Euphemisms target benign nouns

By George Sipos

Originally published in Gulf Islands Driftwood

Who still remembers George Orwell and his essay Politics and the English Language? Or cares, for that matter.

His warnings about how totalitarianisms of both left and right manipulate language to deaden critical thought seem antique nowadays, the tilting of a mid 20th-century idealist against windmills that have long since vanished.

Well, have a look at a news piece in a recent issue of the Globe & Mail reporting on the controversy surrounding a proposal to build a 66-room hotel at Maligne Lake in Jasper National Park.

Maligne Lake in Jasper National Park, Source:

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Value is not a commodity: Math test analysis proves nothing


Published in Gulf Islands Driftwood on December 11, 2013

The national media are all abuzz right now over results reported by the OECD’s Programme for International Student Assessment. It seems that achievement in mathematics among 15 year olds in Canada has slipped from seventh place in 2006 to 13th place this year in a sampling of 65 countries.
John Manley, former Liberal deputy prime minister and now CEO of the Canadian Council of Chief Executives, has called these results “a national emergency.”

Setting aside any qualms we may have about the methodology of the survey and accepting the numbers as they are, it is fascinating to look at the meanings that have been drawn from them.

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Innocent Passage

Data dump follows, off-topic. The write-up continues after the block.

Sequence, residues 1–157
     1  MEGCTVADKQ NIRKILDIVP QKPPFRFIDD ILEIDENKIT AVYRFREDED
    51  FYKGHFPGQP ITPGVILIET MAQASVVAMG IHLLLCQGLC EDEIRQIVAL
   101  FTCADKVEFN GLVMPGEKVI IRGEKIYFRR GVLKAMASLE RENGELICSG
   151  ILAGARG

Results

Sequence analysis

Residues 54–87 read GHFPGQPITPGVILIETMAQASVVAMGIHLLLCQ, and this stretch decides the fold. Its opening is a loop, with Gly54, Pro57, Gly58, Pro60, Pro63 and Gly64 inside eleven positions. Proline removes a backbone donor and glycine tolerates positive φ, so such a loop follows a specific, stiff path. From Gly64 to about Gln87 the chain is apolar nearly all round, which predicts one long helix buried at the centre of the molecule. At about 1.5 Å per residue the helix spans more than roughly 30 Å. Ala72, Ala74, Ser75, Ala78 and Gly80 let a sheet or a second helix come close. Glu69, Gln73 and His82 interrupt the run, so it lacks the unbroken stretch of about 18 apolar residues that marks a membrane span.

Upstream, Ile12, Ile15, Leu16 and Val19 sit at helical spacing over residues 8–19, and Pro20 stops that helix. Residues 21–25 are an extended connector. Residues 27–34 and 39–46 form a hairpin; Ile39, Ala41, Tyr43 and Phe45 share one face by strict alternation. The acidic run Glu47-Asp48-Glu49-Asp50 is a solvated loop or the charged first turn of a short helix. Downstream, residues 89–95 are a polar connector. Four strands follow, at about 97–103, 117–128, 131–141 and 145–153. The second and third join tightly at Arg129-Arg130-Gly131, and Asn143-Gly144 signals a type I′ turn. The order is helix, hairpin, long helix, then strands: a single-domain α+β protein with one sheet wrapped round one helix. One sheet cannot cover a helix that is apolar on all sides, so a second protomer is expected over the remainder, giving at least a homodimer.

Along a narrow trail through the meadow
eleven of us convoy behind the naturalist
with his binoculars and sextant and field guide to
seas of alpine flora that ebb
toward a horizon of peaks.

He dispenses the taxonomy of the living world
as a kind of jurisprudence —
the law of the sea after Linnaeus —
rendering our habitation of the world a kind of trade,
the sea-lanes of minds that name and name
in the name of exploration
that turns plunder in the end.

The trail leads upward through the alpine
via little boardwalks across bogs
toward wind and cloud and rocky
zones of the minimally living,
but I fall behind the others
ready to give up such pre-destined navigation,
and sit it out on a rock to watch
the season’s fading vegetation
do nothing,
listen to seedpods of lupin ripen,
wait for the first faint flurries of snow.

Begin to learn the patience needed
till the bears’ return, the day
they launch themselves, hungry
and untamed, onto the pathless flood
of a new spring’s tide.

—George Sipos


About the author: George Sipos is a poet from Salt Spring Island. Two collections of his work are in print, both from Goose Lane Editions: Anything But the Moon (2005) and The Glassblowers (2010).

Wilderness Protection — A complex task

by George Sipos

Originally printed in the Gulf Islands DriftwoodSept. 25, 2013

A lawyer, a philosopher, a poet and a lichenologist walk into Wells Gray Park and the flora and fauna say, “What is this, some kind of joke?”

Well, that’s not quite right. Let me start again:

Fifty scientists, naturalists, environmental activists, philosophers, writers of various stripes, a first nations elder, a half dozen members of the Order of Canada and yes, Canada’s most renowned lichenologist gathered during the first week of September in the Upper Clearwater Valley north of Kamloops to consider … well, I guess you could say to consider the nature of the bad joke that human kind is perpetrating on the living biosphere of the planet.

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